Rosa Parks: Facts, Biography & Timeline

Instructor: Cirrelia Thaxton

Cirrelia is an educator who has taught K-12 and has a doctorate in education.

A great woman of all times, Rosa Parks is a celebrated historic figure whose contributions to society are still appreciated. Learn more about her life and efforts to assist the civil rights struggle in America.

Biographical Timeline of Rosa Parks

Born Rosa Louise McCauley on February 4, 1913 in Tuskegee, Alabama, Rosa Parks was the granddaughter of former slaves. Her father was James McCauley, a carpenter, and her mother was Leona McCauley, a schoolteacher. Her parents separated when she was two, and Rosa, her mother, and brother, Sylvester, went to live with her maternal grandparents in Pine Level, Alabama. Taught to read at an early age by her mother, Rosa attended a segregated school in Pine Level until she was 11. Then, she went to the Montgomery Industrial School for Girls, a private school dedicated to liberal causes. Although she did well in academics, Rosa decided to leave secondary school and take care of her ailing grandmother.

By 1931, the 18-year-old Rosa married Raymond Parks, a member of the Montgomery branch of the National Association for the Advancement of Colored People (NAACP). A barber by trade, Raymond Parks was an NAACP activist who influenced Rosa greatly. In 1943, Rosa herself worked as a secretary for Edgar Daniel Nixon, the Alabama president of the NAACP. In an interview, Rosa exclaimed, 'It was more a matter of trying to challenge the powers that be, and to let it be known that we did not wish to continue being second-class citizens.' Rosa also actively served as her NAACP chapter's youth leader.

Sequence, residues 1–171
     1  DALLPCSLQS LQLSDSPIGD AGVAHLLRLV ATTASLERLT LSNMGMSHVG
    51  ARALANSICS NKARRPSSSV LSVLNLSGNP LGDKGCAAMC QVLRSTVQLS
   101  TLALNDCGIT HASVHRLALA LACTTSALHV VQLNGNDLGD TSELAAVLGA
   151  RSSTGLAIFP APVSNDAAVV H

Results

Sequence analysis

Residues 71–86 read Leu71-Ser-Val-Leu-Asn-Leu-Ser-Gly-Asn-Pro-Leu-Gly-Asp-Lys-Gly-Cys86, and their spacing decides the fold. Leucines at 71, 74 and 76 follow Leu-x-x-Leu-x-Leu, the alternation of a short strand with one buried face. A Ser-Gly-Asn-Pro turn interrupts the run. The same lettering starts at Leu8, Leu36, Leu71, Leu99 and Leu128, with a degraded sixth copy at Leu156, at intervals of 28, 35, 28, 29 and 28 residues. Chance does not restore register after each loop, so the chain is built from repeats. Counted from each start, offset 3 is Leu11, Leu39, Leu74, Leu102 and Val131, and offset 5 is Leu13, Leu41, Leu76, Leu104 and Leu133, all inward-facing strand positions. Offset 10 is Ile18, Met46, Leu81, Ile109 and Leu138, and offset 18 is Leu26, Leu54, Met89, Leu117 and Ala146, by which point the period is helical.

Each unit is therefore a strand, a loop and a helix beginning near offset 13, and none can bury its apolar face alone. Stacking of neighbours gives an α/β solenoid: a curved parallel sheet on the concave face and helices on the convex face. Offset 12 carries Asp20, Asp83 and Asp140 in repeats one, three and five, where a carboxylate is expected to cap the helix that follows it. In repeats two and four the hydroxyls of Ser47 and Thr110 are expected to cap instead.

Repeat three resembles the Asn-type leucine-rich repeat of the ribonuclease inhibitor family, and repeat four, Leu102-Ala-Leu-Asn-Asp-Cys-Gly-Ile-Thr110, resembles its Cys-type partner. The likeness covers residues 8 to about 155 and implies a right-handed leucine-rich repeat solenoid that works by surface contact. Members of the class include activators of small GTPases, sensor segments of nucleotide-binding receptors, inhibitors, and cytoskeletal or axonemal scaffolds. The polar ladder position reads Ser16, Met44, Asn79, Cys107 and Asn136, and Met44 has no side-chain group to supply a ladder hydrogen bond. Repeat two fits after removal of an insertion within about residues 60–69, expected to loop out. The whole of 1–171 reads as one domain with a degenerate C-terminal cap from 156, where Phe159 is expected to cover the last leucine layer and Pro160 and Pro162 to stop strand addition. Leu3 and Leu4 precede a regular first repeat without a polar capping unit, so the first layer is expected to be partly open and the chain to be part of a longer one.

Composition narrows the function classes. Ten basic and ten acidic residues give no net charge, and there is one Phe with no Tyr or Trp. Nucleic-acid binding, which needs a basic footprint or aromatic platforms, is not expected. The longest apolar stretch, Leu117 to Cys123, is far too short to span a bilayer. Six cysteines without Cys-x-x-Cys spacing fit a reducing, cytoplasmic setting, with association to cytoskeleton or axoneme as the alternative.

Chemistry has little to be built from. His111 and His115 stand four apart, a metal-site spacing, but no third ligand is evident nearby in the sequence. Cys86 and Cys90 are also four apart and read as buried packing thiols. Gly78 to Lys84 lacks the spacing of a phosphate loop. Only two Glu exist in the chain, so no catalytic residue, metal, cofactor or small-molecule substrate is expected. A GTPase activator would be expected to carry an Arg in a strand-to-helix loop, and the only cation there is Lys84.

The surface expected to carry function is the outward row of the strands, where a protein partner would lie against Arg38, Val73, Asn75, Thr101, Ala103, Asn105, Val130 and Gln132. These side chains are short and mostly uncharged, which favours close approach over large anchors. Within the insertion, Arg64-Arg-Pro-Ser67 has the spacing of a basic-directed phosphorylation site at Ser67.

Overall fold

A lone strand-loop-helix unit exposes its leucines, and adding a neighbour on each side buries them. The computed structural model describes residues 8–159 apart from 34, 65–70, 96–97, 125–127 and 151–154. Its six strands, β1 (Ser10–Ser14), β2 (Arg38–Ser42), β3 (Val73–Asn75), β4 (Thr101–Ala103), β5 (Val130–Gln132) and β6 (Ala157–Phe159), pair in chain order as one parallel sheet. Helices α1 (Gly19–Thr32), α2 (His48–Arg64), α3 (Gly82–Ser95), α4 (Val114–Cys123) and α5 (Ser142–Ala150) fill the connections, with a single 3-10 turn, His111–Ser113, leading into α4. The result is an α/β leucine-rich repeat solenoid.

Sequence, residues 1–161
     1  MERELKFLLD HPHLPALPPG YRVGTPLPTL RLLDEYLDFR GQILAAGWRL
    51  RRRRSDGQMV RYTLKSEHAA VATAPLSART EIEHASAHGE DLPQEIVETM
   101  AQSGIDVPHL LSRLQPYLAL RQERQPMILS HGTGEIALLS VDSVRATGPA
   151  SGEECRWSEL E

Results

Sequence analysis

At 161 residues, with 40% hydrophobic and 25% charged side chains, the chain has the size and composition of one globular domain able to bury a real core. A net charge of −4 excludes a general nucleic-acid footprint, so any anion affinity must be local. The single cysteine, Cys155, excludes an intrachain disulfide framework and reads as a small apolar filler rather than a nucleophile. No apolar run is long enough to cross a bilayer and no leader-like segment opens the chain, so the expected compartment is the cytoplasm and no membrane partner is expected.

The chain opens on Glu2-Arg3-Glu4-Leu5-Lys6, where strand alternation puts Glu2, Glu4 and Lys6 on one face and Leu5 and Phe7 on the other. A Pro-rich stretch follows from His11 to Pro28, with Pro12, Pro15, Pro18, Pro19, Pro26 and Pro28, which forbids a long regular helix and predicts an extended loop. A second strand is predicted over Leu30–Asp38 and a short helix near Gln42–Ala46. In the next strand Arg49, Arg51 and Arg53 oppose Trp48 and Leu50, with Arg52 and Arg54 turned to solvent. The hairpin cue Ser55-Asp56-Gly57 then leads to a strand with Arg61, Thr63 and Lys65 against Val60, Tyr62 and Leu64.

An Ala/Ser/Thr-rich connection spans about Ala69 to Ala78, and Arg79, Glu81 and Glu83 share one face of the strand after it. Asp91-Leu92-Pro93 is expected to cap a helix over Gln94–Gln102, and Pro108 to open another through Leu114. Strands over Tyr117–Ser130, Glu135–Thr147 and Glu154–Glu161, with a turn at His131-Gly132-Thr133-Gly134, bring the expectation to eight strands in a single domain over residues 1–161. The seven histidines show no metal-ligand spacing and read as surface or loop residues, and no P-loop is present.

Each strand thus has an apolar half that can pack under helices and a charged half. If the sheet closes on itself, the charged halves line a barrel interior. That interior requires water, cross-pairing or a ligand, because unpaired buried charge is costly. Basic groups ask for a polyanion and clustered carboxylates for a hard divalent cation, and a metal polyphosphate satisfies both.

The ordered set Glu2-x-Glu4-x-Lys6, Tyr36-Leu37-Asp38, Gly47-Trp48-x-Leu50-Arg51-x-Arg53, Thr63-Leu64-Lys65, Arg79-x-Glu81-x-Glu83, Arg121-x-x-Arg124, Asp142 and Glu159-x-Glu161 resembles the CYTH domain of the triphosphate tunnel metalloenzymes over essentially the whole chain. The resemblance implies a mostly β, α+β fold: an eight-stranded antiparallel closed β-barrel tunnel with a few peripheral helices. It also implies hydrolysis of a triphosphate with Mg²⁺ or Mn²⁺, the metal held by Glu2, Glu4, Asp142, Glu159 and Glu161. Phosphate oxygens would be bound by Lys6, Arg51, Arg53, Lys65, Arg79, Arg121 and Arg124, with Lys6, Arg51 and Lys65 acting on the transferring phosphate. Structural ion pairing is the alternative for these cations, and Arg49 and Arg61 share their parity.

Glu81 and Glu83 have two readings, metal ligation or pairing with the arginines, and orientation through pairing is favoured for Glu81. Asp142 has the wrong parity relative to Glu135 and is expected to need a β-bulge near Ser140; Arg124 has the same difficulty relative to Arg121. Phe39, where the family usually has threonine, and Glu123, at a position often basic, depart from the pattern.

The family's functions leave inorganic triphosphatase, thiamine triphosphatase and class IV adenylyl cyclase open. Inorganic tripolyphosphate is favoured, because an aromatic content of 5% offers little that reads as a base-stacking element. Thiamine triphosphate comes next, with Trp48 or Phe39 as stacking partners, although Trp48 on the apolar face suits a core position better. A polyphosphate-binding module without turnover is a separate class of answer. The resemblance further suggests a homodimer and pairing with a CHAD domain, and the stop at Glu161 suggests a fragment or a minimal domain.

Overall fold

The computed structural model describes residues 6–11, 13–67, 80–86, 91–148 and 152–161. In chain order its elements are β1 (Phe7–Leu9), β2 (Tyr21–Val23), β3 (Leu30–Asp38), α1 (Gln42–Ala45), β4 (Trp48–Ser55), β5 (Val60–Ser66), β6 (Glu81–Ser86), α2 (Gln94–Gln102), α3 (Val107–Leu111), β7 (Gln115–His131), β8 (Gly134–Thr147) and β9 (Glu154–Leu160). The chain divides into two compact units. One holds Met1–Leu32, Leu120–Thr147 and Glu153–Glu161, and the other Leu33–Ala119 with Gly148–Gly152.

Then, in 1955, Rosa Parks became immersed in the inequality of segregation. One day, she was riding one of Montgomery's segregated buses and refused to give up her seat in the reserved 'color' section to a white man. Arrested and taken to police headquarters, Rosa was set free from jail for a bond of $100. The arrest and incarceration of Rosa Parks became a rallying point for African Americans caught up in the abusive system of segregation. As a result, the black community organized a bus boycott to protest the unfair conditions on segregated buses. The bus boycott lasted for 381 days, ending successfully in 1956 when Montgomery officials unveiled the city's integrated bus lines.

Arrest Photo of Rosa Parks

Despite the fact that she had been considered a great trailblazer in the African American community after standing up for her civil rights in Montgomery, Rosa Parks faced many obstacles in her later years. Both she and her husband lost their jobs and decided to leave the city for Detroit, Michigan in 1957. While there, Rosa worked as a seamstress until 1965, when she joined the staff of U.S. Representative John Conyer as a secretary and receptionist. Then, she helped to found the Rosa and Raymond Parks Institute for Self-Development in 1987, ten years after her husband's death. The mission of this organization was to provide citizens with bus tours that featured civil rights presentations and the Underground Railroad sites around the country.

Rosa Parks

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